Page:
The Sting & Honey Company offers an elegant cosmopolitan palette of myth and folklore in Sleeping Beauty’s Dream

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Watching Sleeping Beauty’s Dream, by Javen Tanner, in a recent production by The Sting & Honey Company, one can appreciate the cosmopolitan melange of myths that supersedes the traditional Disney-like narrative portrayal. Tanner’s script shows that the relationships connecting the romantic lead characters extend beyond physical attraction into loyalty, commitment, friendship and dignity. 

The results are satisfying, especially in the elegant, moving tone of the play’s closing moments. Tanner’s version, which was previously produced five years ago and is a part of a company trilogy that includes Snow White and Cinderella, emerged from ideas about what the princess would have been dreaming about during her long sleep. Drawing upon Norse and Germanic mythology, Tanner imagines Princess Aurora (Rain Flower Tanner) dreaming about being Brunhilde, the Valkyrie daughter of Wotan (Odin). The mythological parallel works, as Odin (Bijan Hosseini), god of war, cursed Brunhilde by putting her to sleep because she disobeyed him. Tanner’s version adds in the fact that Odin cannot abide the fact that Brunhilde does not love him. During Aurora’s many years of sleep, the conflicts and tensions in her dream comprise a good part of the play’s action.

Sleeping Beauty’s Dream, written and directed by Javen Tanner, The Sting & Honey Company.

Tanner incorporates other mythological foundations, such as casting the three good witches from the Greek goddesses of night, time and youth, respectively— Nyx (Kathryn Atwood), Ananke (Susan Maurer Berry) and Hebe (Liberty Miller). The fourth witch, the evil one, is Sycorax (Deena Marie Manzanares), which comes from Shakespeare’s The Tempest. Tanner also throws in Robin (Will Kemble), a clown, for comic relief. Overall, the cast delivers wonderful performances in a production that is suited to audiences of all ages. 

The contours of Tanner’s version remind of the eclectic approach that Hayao Miyazaki took in his work, most notably Ponyo, which is his version of The Little Mermaid, the classic tale by Hans Christian Andersen, also immortalized in Disney animation. In Miyazaki’s rendering, the story’s Japanese roots are joined by mythic and folkloric elements from around the world. Coincidentally, Ponyo’s birth name is Brunhilde. She is transformed from a goldfish into a little girl by her mother Gran Mamare, the ocean goddess of mercy. This happens after the boy with whom Ponyo has become friends promises the goddess that he will respect Ponyo and care and watch out for her.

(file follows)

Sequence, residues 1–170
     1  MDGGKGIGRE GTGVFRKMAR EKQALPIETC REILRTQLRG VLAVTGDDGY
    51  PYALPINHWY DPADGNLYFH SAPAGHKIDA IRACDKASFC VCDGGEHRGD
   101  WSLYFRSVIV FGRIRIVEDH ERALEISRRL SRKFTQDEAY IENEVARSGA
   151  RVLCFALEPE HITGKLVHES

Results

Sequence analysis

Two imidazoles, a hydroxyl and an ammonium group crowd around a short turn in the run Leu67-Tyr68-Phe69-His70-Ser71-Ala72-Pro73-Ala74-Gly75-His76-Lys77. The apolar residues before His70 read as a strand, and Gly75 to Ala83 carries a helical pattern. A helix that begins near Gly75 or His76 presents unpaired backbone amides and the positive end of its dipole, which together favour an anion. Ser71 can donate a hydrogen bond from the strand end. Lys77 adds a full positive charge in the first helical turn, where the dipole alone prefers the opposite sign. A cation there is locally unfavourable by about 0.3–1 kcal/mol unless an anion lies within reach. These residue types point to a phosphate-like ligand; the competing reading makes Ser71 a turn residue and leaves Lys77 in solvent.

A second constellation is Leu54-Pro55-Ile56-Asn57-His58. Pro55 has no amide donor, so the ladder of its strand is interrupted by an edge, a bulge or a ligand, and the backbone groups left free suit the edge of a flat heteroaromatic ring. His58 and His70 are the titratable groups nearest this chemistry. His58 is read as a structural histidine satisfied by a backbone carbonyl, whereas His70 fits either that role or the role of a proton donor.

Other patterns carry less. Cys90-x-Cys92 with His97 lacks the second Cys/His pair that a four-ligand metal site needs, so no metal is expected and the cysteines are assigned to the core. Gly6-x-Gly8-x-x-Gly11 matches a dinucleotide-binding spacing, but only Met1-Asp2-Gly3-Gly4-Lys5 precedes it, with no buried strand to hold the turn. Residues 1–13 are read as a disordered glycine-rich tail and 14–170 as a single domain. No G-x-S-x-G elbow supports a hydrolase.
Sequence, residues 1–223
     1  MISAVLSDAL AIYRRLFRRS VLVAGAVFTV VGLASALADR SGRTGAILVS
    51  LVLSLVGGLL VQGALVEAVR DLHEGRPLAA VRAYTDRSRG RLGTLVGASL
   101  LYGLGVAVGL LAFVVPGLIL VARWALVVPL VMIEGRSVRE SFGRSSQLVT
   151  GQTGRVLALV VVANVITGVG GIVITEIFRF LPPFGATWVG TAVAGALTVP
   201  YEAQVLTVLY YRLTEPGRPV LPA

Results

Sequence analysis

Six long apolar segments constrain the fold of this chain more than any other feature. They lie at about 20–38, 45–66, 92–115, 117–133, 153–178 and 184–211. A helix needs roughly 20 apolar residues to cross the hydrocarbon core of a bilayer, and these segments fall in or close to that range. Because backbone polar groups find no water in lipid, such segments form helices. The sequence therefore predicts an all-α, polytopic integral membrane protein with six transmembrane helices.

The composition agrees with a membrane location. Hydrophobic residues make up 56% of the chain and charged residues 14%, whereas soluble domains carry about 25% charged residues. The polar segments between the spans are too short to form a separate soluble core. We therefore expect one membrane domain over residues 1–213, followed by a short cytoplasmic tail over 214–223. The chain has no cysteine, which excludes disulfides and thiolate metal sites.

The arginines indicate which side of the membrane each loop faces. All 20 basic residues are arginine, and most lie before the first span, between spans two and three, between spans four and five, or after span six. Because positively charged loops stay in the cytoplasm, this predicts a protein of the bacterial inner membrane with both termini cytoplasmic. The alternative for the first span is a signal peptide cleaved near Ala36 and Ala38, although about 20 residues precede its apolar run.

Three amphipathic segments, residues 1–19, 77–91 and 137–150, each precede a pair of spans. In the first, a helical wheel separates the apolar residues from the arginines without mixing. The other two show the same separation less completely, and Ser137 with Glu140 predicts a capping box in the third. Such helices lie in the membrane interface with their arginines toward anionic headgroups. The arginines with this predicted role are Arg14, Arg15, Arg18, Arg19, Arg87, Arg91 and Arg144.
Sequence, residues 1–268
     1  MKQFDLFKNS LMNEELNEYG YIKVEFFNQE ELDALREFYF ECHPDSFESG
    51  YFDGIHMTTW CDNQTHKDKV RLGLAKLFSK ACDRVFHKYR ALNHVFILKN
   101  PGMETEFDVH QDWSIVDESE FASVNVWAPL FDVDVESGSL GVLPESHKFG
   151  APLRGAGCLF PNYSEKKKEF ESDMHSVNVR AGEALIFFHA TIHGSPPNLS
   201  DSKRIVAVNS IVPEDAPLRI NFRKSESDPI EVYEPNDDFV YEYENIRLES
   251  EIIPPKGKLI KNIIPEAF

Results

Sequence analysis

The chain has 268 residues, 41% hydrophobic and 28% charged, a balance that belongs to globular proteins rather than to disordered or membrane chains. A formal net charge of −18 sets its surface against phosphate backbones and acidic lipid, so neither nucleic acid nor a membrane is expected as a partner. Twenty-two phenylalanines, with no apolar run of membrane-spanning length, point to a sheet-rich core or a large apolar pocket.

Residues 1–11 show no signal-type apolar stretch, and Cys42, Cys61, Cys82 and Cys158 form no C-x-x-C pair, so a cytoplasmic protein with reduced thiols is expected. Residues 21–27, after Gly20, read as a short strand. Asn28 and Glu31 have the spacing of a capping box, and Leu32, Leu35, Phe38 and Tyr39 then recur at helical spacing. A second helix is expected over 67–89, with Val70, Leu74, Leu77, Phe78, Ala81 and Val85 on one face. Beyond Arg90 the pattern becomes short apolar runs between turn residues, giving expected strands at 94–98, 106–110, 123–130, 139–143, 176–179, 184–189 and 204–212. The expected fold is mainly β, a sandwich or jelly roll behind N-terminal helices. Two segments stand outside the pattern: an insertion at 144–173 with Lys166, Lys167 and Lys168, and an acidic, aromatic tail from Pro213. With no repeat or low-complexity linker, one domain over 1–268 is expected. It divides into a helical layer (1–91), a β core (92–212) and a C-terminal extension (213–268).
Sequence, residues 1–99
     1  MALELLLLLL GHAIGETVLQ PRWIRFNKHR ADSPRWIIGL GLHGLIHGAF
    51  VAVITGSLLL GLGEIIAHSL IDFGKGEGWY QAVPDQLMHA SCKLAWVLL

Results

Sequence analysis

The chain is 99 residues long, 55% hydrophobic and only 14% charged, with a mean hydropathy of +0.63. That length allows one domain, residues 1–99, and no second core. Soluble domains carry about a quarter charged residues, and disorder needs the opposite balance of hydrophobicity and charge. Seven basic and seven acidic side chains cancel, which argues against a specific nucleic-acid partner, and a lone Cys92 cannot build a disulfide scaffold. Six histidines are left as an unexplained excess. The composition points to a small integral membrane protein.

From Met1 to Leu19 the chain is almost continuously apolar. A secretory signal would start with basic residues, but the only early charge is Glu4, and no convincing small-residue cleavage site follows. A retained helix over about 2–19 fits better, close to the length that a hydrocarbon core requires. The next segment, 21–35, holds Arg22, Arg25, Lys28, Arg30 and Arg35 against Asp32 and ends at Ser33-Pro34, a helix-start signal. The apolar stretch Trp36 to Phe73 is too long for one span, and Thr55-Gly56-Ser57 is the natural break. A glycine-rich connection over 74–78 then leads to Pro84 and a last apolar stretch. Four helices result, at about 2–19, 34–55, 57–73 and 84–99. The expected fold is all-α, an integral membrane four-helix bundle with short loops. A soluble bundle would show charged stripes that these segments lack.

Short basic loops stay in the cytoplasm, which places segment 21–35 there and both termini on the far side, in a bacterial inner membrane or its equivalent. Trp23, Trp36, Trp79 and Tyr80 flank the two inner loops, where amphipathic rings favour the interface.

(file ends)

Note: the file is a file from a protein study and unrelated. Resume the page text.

Sleeping Beauty’s Dream, written and directed by Javen Tanner, The Sting & Honey Company.

The honor of oath and obligation figures significantly in Tanner’s version of the Sleeping Beauty story. Tithonos is Aurora’s suitor but he refuses the good witches’ offer to put him to sleep, which otherwise would have preserved his youthful looks. Meanwhile, when Aurora is asleep, in her dreams, Siegfried is her suitor. But, when she is awakened, it is Siegfried’s counterpart in reality, Kephalos, who becomes Aurora’s suitor. 

Tithonos is now very old and lame, and wonders if Aurora, who is exactly the same as when she was put to sleep a century before, will remember him. Tithonos has sacrificed heroically, waiting patiently for the day when Aurora and the townspeople would awake again. In a brief moment, Aurora sees the aged Tithonos as someone who is remotely familiar and acknowledges him as a friend. The town is jubilant that Aurora and Kephalos are joined as a couple. But, Tithonos is left alone on stage at the end and Nyx acknowledges the enormity of his grace and sacrifice. It is a truly touching moment.

Sleeping Beauty’s Dream, written and directed by Javen Tanner, The Sting & Honey Company.

The production design excels in its visual appeal, especially at the Regent Street Black Box Theatre at the Eccles Theatre in downtown Salt Lake City (the run ended July 30). The set was a circular platform raised slightly above the stage with lighting underneath and was adorned with branches and brambles that crept up toward the top, where the bed was located. At the center in the back of the set is a statue of an angel. There also was Brunhilde’s gold helmet. The image is like a secular altar, where homage is paid to the spirits and the ethereal natural surroundings that have been embodied in the myths and folklores representing virtually every human culture of storytelling.

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